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Re: IPv6 end user addressing
From: Owen DeLong <owen () delong com>
Date: Thu, 11 Aug 2011 17:21:08 -0700

On Aug 11, 2011, at 5:08 PM, Matthew Moyle-Croft wrote:

On 11/08/2011, at 1:33 PM, Owen DeLong wrote:

On Aug 10, 2011, at 7:45 PM, Mark Newton wrote:

On 11/08/2011, at 8:42 AM, Owen DeLong wrote:

I suppose that limiting enough households to too small an allocation
will have that effect. I would rather we steer the internet deployment
towards liberal enough allocations to avoid such disability for the

I see the lack of agreement on whether /48 or /56 or /60 is good for a
home network to be a positive thing.

As long as there's no firm consensus, router vendors will have to implement
features which don't make silly hard-coded assumptions.

Yes and no. In terms of potential innovations, if enough of the market chooses
/60, they will hard code the assumption that they cannot count on more than
a /60 being available into their development process regardless of what
gets into the router. Sure, they won't be able to assume you can't get a /48,
but, they also won't necessarily implement features that would take advantage
of a /48.

Abundance doesn't drive innovations.  Scarcity does.  IPv6 does not have a scarcity issue.  I assert that IPv6 
addressing is not going to now or ever do anything particularly innovative that can't be done better at other, more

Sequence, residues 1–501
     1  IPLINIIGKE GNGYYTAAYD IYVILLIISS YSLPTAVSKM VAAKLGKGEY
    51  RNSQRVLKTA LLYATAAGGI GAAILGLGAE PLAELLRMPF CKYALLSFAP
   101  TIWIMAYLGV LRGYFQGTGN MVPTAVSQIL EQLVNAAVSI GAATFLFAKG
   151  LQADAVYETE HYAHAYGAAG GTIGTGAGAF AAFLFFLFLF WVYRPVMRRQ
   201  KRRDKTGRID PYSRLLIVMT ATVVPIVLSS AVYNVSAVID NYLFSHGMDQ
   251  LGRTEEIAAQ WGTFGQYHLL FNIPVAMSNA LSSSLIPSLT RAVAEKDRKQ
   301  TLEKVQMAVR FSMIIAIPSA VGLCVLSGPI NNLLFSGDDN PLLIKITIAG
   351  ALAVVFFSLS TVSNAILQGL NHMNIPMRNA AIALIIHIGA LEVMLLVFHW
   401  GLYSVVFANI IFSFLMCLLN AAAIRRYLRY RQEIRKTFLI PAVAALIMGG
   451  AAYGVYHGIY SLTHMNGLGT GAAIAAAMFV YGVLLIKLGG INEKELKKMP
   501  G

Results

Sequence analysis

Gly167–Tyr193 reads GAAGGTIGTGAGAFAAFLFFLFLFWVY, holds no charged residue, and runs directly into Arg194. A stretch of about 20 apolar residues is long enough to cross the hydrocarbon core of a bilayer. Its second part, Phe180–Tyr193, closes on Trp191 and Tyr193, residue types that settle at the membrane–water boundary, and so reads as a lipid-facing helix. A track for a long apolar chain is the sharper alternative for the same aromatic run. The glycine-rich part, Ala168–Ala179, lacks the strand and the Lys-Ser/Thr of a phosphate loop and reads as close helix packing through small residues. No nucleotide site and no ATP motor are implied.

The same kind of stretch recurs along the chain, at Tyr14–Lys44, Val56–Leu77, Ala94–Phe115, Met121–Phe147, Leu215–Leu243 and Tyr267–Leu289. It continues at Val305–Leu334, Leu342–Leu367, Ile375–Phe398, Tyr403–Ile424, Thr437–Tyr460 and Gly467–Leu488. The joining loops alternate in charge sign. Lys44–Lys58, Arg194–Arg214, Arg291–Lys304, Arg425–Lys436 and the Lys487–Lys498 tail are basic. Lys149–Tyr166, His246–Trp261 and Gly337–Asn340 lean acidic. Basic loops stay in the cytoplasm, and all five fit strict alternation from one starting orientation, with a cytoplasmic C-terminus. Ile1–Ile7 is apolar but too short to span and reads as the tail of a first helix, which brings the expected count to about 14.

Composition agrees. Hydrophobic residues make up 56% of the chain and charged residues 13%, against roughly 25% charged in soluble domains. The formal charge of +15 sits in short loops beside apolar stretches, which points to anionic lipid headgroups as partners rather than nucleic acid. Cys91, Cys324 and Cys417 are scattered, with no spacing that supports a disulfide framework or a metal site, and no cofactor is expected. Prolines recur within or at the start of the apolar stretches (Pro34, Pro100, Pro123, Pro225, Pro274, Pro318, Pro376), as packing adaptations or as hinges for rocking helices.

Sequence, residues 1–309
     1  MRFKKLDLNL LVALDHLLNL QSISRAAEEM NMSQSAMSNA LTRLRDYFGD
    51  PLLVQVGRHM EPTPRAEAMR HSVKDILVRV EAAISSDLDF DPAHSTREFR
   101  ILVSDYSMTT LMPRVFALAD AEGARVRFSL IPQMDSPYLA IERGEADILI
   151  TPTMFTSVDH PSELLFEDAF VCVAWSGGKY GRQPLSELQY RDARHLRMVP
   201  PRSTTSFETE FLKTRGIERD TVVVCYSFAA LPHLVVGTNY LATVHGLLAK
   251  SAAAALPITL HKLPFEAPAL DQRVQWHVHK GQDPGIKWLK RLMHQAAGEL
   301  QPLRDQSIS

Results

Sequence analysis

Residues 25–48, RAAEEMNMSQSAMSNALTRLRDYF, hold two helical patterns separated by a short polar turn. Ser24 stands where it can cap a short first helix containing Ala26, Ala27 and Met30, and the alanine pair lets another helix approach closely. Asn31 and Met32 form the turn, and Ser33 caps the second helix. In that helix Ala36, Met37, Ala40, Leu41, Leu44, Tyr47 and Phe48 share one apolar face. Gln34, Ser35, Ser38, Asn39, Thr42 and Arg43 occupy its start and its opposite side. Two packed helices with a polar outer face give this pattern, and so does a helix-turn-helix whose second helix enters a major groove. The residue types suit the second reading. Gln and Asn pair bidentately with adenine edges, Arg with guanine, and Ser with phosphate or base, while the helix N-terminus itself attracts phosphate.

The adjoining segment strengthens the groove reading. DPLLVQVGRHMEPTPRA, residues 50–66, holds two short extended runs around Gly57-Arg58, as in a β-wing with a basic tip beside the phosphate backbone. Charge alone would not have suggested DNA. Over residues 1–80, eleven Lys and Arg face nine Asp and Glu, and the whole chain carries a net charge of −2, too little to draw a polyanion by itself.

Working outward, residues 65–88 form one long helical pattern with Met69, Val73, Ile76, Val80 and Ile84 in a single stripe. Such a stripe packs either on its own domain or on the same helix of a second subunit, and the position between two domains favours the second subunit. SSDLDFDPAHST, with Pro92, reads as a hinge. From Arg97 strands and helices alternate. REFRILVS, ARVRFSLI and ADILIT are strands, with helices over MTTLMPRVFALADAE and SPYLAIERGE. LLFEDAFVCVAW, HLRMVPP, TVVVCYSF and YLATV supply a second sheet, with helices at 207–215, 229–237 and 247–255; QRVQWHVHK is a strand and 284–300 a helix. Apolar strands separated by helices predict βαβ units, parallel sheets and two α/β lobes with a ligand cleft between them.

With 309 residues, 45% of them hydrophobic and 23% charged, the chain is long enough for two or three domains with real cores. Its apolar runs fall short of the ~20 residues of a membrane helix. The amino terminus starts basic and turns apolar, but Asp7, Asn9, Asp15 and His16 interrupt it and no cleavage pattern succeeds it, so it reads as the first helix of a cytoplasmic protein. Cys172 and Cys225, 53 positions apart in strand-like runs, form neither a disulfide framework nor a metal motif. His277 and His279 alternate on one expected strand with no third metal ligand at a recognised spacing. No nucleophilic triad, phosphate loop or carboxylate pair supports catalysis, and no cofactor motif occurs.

relevant, layers.  

Abundance won't drive innovation, but, scarcity can block it.

If enough providers limit their residential customers to /60s, then, that will become the defining limit to which 
vendors implement.

The time for arguing about arbitrary things that make no difference to the end customers has passed.  The navel 
gazing must cease and we must move forward on IPv6 to the home rather than continuing the confusion about this and 
other IPv6 arbitrary bit obsession stuff.

On that I believe we are in complete agreement. Let's deploy IPv6 to end users and give them /48s and move on.

We need to stop spending our time on rearranging the Titanic's deckchairs and get the <profanity> on with stopping 
the crashing into the iceberg by providing clear leadership on getting IPv6 to the masses to enable their 
APPLICATIONS and EXPERIENCE without the impending doom of IPv4 CGN.

Again, no argument.

My name is Matthew, I HAVE given my customers the ability to get IPv6 and I don't give a flying one about the prefix 
length, I care about getting ANY prefix to the end users so they can use it and solve the issues at their end.  I AM 
enabling innovation just by doing that.  

My name is Owen. I work for an ISP that gives IPv6 to our customers and anyone else who cares to connect.

We care about prefix length because we believe it will impact innovation for many years.

Yes, getting something to end users is more important than how big of a prefix we give them. On that, MMC and I are in 
complete agreement.

However, there are choices to be made in how we do it and giving out /48s costs virtually nothing and yields real 
potential benefits. There
is no meaningful advantage to placing arbitrary limits below /48 on residential customers.


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